Geotechnical Investigation of Sediment Remobilization Processes using Dynamic Penetrometers
|Other Titles:||Geotechnische Untersuchung von Sedimentremobilisierungsprozessen mittels Dynamischer Penetrometer||Authors:||Stark, Nina||Supervisor:||Kopf, Achim||1. Expert:||Kopf, Achim||2. Expert:||Villinger, Heiner||Abstract:||
The understanding of naturally and anthropogenically induced subaqueous sediment remobilization processes is of high importance for the increasing industrial and touristy usage of coastal zones, estuaries, rivers and lakes. Geotechnical properties such as sediment strength play an important role in sediment dynamical processes, however, they are poorly represented in theoretical approaches and field studies, because geotechnical in-situ measurements are highly complicated in such challenging areas (e.g., strong hydrodynamics, close to offshore constructions). From previous studies it can be assumed that dynamic penetrometers might be capable of such measurements. The aim of this thesis was to find out (i) whether dynamic penetrometers are suitable for measurements in areas of sediment remobilization, and (ii) if so, what kind of complementary data can be delivered for the research of sediment remobilization. Different types of dynamic penetrometers were introduced. However, none of the existing penetrometers matched all of the requirements assumed for the detection of sediment remobilization. Following that, a new device was designed: the Nimrod, equipped with accelerometers (measuring deceleration and inclination), pore pressure and temperature sensor. Different penetration signatures could be found for quartz sand compared to carbonate sand. Furthermore, an approach was presented to estimate quasi-static bearing capacity from the dynamic deceleration depth profiles of the penetrometer to consider the change of penetration velocity and penetration surface area. In data sets from the Jade tidal inlet channel (North Sea) and shore breaks in Hawaii hints of sediment remobilization were detected in the penetrometer signatures. More detailed surveys in areas of sediment remobilization followed: (i) subaqeuous dunes in the Danish Wadden Sea, (ii) sorted bedforms close to Tairua, NZ, (iii) a shifting sandbar at Raglan s harbor mouth, NZ, (iv) scouring at offshore wind energy converter foundations (North Sea), (v) mud accumulation and mud layers in different ports, (vi) disposal sites and (vii) geothermal lakes in New Zealand. First, the results confirmed that layers of mixed up sediment or fresh sediment redeposition are reflected in the sediment strength depth profiles derived from the dynamic penetrometer and that a quantification of these layers is possible with an accuracy of ~ 1 cm. In doing so, e.g., variations of sediment remobilization over a tidal cycle were observed. Additionally, changes of sediment strength patterns over time were monitored: over a tidal cycle along subaqueous dunes, and especially, at offshore wind energy converters (WEC) over a few months after WEC erection. Furthermore, areas of sediment erosion and sediment accumulation were localized and quantified providing a suitable base for the development of a conceptual model of the formation and/or maintenance of the respective sediment dynamic feature. This succeeded for sandy areas (e.g., sorted bedforms, shifting sandbar) as well as for muddy areas (e.g., ports, lakes). In the latter the results may also play an important role for decisions about the further industrial use of areas or further interventions such as dredging. In summary, the new penetrometer Nimrod proved its suitability for the investigation of sediment remobilization processes and delivered complementing data about ongoing sediment remobilization with time (e.g., tides, timeline after WEC erection) and space (indication of areas of sediment erosion or accumulation). During the different surveys the dynamic penetrometer results were supported by acoustic methods, sediment sampling and/or numerical modelling of hydrodynamics. A stronger geotechnical perspective was introduced into the investigation of the sediment remobilization processes. However, some questions could not be answered by the field experiments due to a lack of continuity of boundary conditions such as currents, stability of the vessel or sediment homogeneity. Examples are the detailed investigation of penetration rate effects, or the finding of a correlation between in-situ density and measured sediment strength. To address such issues, in this thesis also first attempts of physical modelling in a wave channel and of numerical modelling using the geotechnical code FLAC3D are presented and discussed as an outlook to future works.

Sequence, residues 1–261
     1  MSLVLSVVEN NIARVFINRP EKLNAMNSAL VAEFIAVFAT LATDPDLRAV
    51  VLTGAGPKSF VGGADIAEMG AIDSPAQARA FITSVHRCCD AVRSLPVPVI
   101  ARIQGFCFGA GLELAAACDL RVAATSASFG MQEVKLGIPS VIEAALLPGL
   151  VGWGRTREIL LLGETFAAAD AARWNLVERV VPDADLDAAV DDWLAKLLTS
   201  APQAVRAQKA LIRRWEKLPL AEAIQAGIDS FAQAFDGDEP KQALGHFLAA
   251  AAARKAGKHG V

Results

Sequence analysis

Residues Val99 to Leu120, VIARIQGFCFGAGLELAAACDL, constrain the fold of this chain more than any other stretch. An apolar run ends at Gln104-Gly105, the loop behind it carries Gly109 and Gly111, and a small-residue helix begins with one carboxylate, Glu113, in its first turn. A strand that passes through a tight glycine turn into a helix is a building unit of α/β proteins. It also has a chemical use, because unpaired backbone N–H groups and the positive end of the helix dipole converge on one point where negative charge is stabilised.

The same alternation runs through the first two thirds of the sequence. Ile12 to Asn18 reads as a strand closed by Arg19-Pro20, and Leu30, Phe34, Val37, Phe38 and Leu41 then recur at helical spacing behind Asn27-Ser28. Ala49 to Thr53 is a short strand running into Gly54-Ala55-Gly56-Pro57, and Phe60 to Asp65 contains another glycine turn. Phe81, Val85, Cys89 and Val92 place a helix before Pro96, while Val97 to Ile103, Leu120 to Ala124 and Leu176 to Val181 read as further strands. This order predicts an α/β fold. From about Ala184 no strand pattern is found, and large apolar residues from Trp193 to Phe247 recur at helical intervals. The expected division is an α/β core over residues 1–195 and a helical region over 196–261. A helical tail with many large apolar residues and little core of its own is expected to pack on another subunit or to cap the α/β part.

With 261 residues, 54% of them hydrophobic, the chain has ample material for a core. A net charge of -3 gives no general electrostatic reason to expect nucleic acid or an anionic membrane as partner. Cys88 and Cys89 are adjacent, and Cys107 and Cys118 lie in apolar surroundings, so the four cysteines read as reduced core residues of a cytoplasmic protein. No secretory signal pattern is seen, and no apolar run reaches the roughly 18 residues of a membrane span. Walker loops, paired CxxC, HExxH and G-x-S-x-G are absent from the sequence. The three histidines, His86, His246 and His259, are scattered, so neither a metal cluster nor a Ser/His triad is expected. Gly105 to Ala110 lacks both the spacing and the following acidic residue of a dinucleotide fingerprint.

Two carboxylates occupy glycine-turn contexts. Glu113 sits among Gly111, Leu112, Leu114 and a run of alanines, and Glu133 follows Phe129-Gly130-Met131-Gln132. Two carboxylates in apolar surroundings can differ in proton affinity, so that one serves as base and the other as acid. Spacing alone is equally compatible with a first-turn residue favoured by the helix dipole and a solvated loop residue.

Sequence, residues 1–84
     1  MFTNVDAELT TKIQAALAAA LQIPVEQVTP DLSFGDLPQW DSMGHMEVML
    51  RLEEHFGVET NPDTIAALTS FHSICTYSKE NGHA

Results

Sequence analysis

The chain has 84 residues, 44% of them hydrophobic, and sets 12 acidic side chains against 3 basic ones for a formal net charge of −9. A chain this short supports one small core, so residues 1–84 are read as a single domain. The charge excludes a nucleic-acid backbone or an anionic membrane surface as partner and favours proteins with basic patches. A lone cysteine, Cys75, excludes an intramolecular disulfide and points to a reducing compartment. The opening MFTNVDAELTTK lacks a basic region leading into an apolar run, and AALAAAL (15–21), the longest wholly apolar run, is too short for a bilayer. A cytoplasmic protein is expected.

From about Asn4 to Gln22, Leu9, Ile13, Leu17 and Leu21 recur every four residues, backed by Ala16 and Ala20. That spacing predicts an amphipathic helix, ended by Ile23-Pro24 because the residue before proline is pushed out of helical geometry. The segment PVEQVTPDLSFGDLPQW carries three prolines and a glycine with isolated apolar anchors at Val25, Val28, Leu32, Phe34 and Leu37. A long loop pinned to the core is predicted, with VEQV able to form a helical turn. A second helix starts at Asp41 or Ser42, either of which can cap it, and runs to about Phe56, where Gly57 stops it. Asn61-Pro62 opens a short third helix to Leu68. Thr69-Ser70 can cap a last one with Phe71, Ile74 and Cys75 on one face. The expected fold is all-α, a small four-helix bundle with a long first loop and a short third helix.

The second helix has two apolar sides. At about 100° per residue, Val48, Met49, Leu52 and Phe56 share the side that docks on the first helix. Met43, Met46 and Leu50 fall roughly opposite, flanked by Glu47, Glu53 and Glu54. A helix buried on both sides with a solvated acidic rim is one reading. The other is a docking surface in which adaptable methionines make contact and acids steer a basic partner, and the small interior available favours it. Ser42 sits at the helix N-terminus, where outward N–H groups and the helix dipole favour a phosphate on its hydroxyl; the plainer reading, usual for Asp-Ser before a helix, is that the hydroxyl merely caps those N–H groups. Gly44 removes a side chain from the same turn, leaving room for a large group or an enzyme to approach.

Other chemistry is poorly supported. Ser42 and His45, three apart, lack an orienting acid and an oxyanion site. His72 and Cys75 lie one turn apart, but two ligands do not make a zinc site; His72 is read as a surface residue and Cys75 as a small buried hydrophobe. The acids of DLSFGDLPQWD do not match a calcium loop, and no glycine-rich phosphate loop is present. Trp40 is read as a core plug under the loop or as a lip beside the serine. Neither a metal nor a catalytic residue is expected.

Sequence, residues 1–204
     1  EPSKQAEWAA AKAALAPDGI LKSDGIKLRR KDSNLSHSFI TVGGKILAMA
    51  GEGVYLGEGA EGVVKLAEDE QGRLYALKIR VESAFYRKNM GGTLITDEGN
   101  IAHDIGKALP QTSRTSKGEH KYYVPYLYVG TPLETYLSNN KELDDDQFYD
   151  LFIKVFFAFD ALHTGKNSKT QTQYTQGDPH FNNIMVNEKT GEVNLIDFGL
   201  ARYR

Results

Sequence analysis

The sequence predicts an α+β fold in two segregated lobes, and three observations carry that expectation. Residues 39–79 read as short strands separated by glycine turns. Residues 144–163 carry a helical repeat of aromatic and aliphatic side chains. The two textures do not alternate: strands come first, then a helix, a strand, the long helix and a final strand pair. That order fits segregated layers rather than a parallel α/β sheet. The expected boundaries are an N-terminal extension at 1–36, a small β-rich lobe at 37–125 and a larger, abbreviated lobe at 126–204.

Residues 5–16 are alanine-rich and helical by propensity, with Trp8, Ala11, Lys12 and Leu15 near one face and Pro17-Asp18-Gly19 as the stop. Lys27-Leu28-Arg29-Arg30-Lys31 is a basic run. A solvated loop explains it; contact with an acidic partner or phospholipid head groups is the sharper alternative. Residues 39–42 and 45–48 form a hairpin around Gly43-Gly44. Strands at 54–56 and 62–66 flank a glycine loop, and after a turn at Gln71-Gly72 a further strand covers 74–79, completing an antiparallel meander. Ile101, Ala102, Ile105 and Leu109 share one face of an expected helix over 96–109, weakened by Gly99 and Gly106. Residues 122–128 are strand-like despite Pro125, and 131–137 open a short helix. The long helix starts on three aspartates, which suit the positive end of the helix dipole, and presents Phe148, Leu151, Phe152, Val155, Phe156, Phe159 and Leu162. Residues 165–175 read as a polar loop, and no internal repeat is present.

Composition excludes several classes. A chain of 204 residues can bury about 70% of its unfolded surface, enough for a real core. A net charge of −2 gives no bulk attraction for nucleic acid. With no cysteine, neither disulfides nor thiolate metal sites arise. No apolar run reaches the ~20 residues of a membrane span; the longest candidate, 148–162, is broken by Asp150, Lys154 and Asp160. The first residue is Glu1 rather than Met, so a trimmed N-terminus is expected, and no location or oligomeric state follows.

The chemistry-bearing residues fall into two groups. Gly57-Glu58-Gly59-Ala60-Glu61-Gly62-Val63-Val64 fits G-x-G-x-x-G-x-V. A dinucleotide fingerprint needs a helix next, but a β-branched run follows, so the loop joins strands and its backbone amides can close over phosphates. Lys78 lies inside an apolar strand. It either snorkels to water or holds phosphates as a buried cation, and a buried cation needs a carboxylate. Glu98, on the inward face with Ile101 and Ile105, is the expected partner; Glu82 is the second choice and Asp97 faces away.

|Keywords:||seafloor, sediment strength, sediment remobilization, dynamic penetrometer||Issue Date:||24-Feb-2011||URN:||urn:nbn:de:gbv:46-00101886-19||Institution:||Universität Bremen||Faculty:||FB5 Geowissenschaften|
|Appears in Collections:||Dissertationen|
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